If I had to describe a state that occurred only for a certain amount of time, I'd simply use the adjective "temporary" to describe the state (or the adverb "temporarily" to describe the verb). What word describes a change by distance (without regard to time)?

For example, if I were giving spoken driving directions that go through a road whose name changes from "Park Avenue" to "Main Street" and then back to "Park Avenue", I might say:

Park Avenue changes temporarily to Main Street.

I think most people would hear that and understand clearly what I meant. However, "temporary" refers only to time (not distance), which makes me question whether I'm correctly using the word. After all, Park Avenue at mile marker 50 is always Park Avenue. What's a more appropriate adverb to describe "changes" in this context?

  • 1
    It is the name that changes, not the street, so maybe you could say something like, "One stretch of Park Avenue is called Main Street." – JLG Sep 5 '12 at 23:30
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    Using time-related adverbs to describe location-based events is appropriate in the context of traveling "through a road", i.e., the name change does occur temporarily as long as the traveler is continuing to his or her destination. This form of semantic abstraction is also seen in words "before" and "after" which in modern English have both time and location meanings. (Interestingly, both before and after are derived from locality roots) – nicholas Sep 7 '12 at 15:09

You could use briefly:

Park Avenue changes briefly to Main Street.

Note that briefly is defined by Merriam-Webster's as:

1. a: in a brief way

…and, more usefully, brief is defined as:

1: short in duration, extent, or length

So the brevity of Main Street can be in the distance it covers.

  • My only qualm with briefly is the implied relative duration, or shortness of the change. As I noted in a comment to the OP, in most cases, semantic abstraction of time and location is appropriate. Before, after, breifly, etc. have explicitly defined meanings for both contexts; however, a native English speaker will likely correctly interpret temporarily in this context as well. – nicholas Sep 7 '12 at 15:12

This question contains a false premise. You assume that temporary refers in the example only to distance, and not time. This is incorrect.

When you give directions, you are creating a context, or background, to your statements. This context is the process of actually following (in your imagination) the driving directions. This is both a temporal and a spatial process, so it is perfectly natural to say, for example, "turn left at the light, go three blocks, and then it's on your right". Plainly the word "then" refers to the temporal order of events.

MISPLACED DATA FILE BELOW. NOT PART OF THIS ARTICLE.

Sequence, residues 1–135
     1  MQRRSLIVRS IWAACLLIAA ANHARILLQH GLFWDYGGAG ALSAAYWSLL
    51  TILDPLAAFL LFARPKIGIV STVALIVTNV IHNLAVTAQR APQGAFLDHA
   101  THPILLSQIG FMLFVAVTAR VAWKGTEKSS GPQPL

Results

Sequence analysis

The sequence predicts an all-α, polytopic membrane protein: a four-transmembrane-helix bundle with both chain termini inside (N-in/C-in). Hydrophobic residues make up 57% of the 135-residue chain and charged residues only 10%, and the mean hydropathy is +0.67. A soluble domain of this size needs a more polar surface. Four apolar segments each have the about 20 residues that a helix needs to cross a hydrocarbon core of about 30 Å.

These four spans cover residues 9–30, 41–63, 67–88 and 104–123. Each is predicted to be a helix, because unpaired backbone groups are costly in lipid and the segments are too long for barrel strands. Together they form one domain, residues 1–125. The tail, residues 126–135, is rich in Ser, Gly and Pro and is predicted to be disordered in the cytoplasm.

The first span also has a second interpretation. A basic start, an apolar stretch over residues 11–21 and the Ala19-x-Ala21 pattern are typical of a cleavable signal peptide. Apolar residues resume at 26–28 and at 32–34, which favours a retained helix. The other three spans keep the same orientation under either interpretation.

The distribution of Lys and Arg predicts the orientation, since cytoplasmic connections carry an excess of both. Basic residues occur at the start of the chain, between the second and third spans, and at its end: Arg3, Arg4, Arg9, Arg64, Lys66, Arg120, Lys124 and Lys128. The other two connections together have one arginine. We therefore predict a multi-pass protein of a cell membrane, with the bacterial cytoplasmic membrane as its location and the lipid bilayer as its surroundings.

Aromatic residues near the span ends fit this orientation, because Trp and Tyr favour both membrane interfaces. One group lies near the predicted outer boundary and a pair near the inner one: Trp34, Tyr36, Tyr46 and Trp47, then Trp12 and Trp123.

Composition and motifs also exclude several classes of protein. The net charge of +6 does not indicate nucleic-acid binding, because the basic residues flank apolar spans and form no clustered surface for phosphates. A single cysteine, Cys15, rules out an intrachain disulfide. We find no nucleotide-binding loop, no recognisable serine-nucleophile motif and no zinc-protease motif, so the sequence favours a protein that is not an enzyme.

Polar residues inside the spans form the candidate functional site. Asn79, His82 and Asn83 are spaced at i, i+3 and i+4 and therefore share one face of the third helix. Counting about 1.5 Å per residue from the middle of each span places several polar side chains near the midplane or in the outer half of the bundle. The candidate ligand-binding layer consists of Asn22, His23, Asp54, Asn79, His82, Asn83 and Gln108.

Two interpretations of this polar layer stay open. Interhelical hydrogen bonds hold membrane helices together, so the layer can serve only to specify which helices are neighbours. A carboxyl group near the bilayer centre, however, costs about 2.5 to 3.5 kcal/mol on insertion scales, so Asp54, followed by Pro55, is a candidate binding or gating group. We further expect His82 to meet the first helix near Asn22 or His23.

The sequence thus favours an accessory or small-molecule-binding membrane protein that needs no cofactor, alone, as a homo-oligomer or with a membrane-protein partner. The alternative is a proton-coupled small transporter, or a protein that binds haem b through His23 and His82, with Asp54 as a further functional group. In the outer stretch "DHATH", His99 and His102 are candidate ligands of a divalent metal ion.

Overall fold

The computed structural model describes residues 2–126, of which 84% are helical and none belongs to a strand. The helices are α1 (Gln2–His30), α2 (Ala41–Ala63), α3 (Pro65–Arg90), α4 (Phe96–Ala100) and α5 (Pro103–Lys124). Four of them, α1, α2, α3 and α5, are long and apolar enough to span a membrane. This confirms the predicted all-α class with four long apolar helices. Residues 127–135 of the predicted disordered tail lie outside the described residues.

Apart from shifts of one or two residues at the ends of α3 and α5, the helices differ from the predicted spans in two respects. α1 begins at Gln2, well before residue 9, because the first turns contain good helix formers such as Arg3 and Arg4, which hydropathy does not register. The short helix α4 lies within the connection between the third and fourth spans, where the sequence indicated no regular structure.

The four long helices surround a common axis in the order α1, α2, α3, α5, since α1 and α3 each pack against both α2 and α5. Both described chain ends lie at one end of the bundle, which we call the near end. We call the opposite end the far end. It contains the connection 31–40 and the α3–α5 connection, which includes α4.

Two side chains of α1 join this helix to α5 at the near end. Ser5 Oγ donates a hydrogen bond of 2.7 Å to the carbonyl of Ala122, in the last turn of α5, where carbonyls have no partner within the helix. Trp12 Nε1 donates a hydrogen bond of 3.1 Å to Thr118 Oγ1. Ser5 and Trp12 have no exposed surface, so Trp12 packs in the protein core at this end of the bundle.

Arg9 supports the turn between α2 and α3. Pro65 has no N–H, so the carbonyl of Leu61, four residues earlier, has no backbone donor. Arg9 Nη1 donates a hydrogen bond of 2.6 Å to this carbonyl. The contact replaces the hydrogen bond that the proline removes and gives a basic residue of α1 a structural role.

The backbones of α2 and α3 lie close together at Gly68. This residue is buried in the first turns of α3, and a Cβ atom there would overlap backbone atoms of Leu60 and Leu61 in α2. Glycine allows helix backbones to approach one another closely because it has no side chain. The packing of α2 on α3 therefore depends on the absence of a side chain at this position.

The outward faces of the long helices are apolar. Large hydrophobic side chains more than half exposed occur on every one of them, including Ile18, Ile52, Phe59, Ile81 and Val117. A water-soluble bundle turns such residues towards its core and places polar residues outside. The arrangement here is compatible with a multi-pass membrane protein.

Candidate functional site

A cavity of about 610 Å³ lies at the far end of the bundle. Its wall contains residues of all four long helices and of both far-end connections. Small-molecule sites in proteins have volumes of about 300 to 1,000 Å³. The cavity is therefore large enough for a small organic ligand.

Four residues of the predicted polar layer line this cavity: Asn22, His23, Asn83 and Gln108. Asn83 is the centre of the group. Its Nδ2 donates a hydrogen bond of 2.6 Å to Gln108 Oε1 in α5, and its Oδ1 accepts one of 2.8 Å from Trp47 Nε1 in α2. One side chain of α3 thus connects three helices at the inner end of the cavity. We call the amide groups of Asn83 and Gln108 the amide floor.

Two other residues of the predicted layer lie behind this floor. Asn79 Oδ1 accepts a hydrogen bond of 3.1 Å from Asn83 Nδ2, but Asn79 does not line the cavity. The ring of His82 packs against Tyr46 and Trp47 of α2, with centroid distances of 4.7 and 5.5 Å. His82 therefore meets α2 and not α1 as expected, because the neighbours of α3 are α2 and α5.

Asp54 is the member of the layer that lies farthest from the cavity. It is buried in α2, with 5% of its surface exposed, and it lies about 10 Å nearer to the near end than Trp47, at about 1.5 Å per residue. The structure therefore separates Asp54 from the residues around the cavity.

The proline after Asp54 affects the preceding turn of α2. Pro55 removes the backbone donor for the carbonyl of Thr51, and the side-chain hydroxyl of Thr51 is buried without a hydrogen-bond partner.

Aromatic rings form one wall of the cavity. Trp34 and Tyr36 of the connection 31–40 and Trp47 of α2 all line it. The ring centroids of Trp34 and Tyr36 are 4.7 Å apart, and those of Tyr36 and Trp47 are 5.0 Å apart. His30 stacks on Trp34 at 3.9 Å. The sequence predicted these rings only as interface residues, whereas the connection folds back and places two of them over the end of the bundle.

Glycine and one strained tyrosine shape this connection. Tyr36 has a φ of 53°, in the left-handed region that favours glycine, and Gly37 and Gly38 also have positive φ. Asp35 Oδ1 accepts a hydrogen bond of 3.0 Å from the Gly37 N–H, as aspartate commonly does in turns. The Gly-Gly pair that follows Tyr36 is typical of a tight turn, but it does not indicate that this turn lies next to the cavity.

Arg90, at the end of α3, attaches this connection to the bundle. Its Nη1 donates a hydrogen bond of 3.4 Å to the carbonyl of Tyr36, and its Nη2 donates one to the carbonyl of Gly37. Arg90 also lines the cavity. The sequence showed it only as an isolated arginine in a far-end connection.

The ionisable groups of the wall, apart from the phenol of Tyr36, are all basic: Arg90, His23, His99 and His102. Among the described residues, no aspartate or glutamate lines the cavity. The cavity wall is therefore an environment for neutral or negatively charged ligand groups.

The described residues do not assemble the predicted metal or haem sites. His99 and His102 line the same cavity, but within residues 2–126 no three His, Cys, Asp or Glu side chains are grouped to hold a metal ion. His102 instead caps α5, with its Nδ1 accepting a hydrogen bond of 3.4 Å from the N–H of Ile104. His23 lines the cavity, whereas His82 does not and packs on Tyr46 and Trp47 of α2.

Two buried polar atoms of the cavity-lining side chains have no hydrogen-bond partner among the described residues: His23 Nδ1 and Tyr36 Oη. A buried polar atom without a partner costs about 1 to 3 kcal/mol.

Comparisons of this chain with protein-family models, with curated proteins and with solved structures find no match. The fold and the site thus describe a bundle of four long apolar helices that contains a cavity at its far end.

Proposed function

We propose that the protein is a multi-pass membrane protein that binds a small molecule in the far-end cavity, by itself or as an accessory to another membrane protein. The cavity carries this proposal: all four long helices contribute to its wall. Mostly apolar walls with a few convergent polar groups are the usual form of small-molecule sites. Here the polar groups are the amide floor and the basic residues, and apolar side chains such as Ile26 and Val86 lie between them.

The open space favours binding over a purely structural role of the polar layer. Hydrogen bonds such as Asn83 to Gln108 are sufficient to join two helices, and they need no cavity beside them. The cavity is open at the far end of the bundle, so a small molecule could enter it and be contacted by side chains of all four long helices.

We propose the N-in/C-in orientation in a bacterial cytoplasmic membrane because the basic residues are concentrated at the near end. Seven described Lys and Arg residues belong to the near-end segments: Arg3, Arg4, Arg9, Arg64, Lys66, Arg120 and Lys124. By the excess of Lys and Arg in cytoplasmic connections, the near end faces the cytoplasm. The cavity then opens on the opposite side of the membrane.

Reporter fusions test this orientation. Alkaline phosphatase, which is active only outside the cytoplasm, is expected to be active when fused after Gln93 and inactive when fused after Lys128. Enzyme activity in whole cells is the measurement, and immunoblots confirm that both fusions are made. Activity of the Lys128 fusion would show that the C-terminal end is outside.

This is why "Park Avenue changes temporarily to Main Street" is also perfectly natural in the context you have created. The name of the street you are driving on does change temporarily, as you follow (in your imagination) the driving directions in their temporal order.

  • +1 totally agree with the qualification that directions are both temporal and spatial in nature. English by large abstracts these two aspects all the time, e.g., after the light turn right. Although after has a spatial definition, that is not the meaning here; substituting behind the light... does not make sense because the implied meaning of after in this context is temporal. – nicholas Sep 7 '12 at 15:17
  • @nicholas I think we're saying the same thing, which is why I wrote that the context "is both a temporal and a spatial process". I've reviewed my wording elsewhere and fiddled it where it might have been unclear. Cheers … – MetaEd Sep 7 '12 at 15:25
  • Yes, this. The asker is hoping (in vain) that English makes a strict distinction between time and distance. – SevenSidedDie Sep 7 '12 at 17:15
  • Thanks for the enlightening answer. I was not aware that temporary could also refer to distance in a specific type of context. I based my assumption on nearly every definition I encountered online (some of which were from: dictionary.com, merriam-webster.com, thefreedictionary.com), which all explicitly indicate time (in all contexts) without any reference to distance. – tony19 Sep 7 '12 at 21:19

It is quite common to use becomes:

Within the town limits, it becomes West Main Street until it reaches the town center at its intersection with Pennsylvania Route 89, where it becomes East Main Street. Outside the town limits it becomes East Main Road until it reaches Pennsylvania's border with New York.

Some people also will use "turns into" in place of becomes.

Also note, that occasionally two roads of different names sometimes share the roadway for some distance and then split again. In this case one would say that one road joins or is joined with/by another for some distance.

I-70 is joined with US-24 from the Colorado state line until US-24 splits at Levant and runs north of I-70.

In your specific example briefly could be used (as Cameron suggests) as:

Park Avenue briefly becomes Main Street.

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